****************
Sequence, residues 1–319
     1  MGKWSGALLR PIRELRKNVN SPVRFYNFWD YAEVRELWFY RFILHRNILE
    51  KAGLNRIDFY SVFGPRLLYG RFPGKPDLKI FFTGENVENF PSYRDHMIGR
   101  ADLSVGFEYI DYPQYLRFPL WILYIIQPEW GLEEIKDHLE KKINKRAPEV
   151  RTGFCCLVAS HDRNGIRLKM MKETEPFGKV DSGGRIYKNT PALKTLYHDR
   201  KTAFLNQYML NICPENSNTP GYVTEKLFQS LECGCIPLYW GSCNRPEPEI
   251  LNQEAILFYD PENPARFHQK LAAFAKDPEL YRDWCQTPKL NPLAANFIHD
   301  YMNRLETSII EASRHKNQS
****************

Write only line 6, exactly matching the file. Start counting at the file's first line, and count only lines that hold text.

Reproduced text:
   201  KTAFLNQYML NICPENSNTP GYVTEKLFQS LECGCIPLYW GSCNRPEPEI